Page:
Creating Slick Color Palette APIs
The work of writing maintainable code is an ongoing endeavor and some of my favorite problems to solve are ones that build maintainable systems. Maintainable systems are ones you can learn once, easily manipulate, and ideally take from project to project. My favorite part of building maintainable systems is that it minimizes the amount of work I need to do when starting a new project, and like it is for many programmers hitting ⌘ + ⇪ + N to start a new project is one of the most satisfying feelings in the world for me.

A color palette is something every well-designed app needs, and it turns out there are a lot of ways to solve this problem. If you don't yet have a good sense for how to construct a color palette, I highly recommend this post by Refactoring UI that explains the fundamentals of a good color palette. Generating a good color palette can be tricky if you’re new to the practice and can require some trial and error, so if you’d like a shortcut a tool like Coolors is a great starting point.

I've spent years iterating on approaches to codifying color palettes in my iOS and macOS apps, seeking to create one that’s flexible, scales well, and is easy to understand, landing on the version we’ll explore below. We'll be able to leverage asset catalogs, create a clear sense of hierarchy, provide statically typed semantic colors, even take advantage of the built in features of SwiftUI. As a bonus, if you're working with designers, your palette will be so straightforward to modify that a designer can submit a pull request to change colors without ever involving you.

 

Considering we'll be leveraging asset catalogs, the first step should be pretty intuitive, we should create an asset catalog to hold our color palettes.


As I was piecing together different instructions and ideas this second step confused me, so I'll spare you the misery. You're going to want to make a different folder for each color palette you create, and you can do that by right clicking in the asset catalog and selecting New Folder.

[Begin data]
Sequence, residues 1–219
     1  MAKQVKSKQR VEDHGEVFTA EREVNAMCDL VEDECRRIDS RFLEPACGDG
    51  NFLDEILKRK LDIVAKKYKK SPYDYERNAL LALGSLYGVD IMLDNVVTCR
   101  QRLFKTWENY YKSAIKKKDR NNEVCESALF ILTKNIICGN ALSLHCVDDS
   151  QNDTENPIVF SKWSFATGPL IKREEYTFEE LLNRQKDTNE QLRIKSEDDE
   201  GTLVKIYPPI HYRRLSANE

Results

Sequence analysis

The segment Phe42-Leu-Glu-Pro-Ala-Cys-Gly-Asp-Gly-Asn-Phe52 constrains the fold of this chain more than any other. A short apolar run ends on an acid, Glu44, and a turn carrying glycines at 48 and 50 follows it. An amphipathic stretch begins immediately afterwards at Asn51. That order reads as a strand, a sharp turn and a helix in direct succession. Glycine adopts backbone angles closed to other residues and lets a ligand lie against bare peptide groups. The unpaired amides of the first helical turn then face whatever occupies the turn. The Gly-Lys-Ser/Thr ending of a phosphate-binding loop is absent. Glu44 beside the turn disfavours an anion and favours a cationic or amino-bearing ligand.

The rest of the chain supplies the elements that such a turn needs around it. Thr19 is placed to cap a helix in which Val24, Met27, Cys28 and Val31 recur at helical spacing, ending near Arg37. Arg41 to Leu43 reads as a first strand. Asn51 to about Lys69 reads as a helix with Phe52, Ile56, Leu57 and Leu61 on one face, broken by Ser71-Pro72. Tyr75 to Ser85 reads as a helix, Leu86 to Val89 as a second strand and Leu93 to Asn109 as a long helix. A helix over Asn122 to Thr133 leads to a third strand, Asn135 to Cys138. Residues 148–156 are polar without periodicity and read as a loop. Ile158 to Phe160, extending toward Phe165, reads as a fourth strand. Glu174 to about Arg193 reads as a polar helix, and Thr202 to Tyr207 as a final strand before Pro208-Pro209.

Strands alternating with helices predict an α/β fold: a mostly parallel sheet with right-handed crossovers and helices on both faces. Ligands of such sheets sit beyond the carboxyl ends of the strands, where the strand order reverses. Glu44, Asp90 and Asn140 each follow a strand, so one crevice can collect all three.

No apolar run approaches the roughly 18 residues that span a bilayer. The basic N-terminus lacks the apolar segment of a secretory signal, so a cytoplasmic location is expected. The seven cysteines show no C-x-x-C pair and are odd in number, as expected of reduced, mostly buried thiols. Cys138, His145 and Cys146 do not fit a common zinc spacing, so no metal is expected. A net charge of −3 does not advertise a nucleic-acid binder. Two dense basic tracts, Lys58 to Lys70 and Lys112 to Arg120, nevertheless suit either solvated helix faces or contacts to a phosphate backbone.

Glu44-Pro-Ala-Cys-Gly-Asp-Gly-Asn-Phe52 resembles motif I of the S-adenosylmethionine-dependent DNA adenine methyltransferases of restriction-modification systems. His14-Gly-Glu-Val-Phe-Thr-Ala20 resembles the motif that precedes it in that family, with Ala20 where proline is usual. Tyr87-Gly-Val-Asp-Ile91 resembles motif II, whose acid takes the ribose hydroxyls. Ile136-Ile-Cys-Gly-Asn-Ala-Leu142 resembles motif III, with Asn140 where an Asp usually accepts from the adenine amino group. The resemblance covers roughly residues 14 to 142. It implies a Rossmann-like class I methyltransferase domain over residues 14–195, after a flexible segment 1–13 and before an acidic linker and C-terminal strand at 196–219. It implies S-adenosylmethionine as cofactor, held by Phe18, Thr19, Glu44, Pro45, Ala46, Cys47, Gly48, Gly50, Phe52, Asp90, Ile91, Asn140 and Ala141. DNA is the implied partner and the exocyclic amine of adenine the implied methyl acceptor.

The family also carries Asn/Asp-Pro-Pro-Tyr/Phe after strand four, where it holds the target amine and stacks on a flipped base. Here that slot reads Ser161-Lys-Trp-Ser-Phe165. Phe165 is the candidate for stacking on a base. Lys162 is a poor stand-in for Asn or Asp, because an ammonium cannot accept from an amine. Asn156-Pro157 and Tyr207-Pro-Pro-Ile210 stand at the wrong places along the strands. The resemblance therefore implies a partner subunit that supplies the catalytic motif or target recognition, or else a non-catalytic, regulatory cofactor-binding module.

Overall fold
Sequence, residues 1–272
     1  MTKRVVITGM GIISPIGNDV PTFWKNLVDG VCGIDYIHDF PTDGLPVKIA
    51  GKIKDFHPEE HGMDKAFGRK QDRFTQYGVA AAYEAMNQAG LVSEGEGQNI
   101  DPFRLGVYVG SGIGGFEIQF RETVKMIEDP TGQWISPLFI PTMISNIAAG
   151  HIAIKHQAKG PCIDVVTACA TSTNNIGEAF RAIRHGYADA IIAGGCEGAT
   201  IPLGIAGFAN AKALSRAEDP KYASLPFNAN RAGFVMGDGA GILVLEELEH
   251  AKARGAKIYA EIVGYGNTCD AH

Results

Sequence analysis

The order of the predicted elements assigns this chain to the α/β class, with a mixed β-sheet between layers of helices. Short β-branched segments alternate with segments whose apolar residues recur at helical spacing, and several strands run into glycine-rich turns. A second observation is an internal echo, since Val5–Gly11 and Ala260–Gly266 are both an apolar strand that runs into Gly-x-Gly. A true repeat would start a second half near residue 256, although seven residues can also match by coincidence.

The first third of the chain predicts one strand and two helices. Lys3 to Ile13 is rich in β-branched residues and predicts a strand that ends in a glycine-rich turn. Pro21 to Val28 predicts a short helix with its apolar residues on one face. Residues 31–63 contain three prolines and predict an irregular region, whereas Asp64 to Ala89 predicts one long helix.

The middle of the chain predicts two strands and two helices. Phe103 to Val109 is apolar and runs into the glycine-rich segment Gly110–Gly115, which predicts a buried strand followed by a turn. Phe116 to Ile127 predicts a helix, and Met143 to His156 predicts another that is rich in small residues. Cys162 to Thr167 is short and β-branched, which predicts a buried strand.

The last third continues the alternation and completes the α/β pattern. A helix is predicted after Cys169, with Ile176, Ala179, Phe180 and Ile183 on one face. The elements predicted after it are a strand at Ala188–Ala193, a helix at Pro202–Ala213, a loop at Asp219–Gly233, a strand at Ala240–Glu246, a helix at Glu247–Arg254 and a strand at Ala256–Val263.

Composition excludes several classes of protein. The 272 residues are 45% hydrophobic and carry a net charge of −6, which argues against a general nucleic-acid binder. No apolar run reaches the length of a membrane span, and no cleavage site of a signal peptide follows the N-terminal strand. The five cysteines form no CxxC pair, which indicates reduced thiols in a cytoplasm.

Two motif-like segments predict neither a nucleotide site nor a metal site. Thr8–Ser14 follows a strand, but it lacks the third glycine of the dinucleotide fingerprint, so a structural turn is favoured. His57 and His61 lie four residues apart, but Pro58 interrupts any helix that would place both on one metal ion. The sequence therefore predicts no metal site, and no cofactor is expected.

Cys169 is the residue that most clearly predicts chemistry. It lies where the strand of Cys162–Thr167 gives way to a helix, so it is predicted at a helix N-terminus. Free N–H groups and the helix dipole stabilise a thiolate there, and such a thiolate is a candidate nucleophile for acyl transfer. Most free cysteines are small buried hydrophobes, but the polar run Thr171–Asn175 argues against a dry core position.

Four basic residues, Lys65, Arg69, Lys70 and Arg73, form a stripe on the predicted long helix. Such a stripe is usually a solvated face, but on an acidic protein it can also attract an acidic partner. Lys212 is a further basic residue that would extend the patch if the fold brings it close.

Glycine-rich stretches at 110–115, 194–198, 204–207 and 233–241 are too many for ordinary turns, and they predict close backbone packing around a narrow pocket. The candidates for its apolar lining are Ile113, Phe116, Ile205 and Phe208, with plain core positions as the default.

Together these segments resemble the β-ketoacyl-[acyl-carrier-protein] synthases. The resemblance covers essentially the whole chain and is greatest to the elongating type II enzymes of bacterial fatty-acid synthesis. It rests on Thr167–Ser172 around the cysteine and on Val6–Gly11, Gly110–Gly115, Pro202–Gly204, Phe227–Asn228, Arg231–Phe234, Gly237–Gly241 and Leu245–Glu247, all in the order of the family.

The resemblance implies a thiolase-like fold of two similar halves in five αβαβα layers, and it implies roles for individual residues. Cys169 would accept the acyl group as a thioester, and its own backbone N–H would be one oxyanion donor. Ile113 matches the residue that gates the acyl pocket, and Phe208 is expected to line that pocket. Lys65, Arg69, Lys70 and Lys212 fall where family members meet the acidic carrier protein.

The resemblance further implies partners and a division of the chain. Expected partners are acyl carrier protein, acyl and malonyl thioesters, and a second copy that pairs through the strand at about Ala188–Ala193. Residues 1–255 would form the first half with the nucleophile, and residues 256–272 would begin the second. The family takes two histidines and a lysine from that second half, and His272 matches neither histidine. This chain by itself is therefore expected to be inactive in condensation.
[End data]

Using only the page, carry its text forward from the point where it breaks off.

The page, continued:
Now it's time to create our color palettes. I'm showing you the Night palette I created for my app, and below it are Spring, Summer, and Winter. Each palette has the same name but all of the colors are named the same, each palette will have colors named background-alt, primary, quaternary, etc.


Do not miss this incredibly important step, guide your eyes towards the pink arrow on the right side of the image. You must select the folder you're adding colors to and check the Provides Namespace checkbox. This is what will enable our code to have a clear and consistent naming structure, matching the folder’s name to our theme’s name.

 

Now that we've got our asset catalogs setup, we're ready to write some code. We'll start by constructing a new Palette struct, and populating it with some Colors that we'll reference across our app.

extension Color {

    struct Palette {
        let name: String

        var mainBackground: Color {
            self.assetCatalogColor(named: "background-main")
        }

        var midBackground: Color {
            self.assetCatalogColor(named: "background-mid")
        }

        var alternativeBackground: Color {
            self.assetCatalogColor(named: "background-alt")
        }

        var primaryText: Color {
            self.assetCatalogColor(named: "text-primary")
        }

        var alternativeText: Color {
            self.assetCatalogColor(named: "text-alt")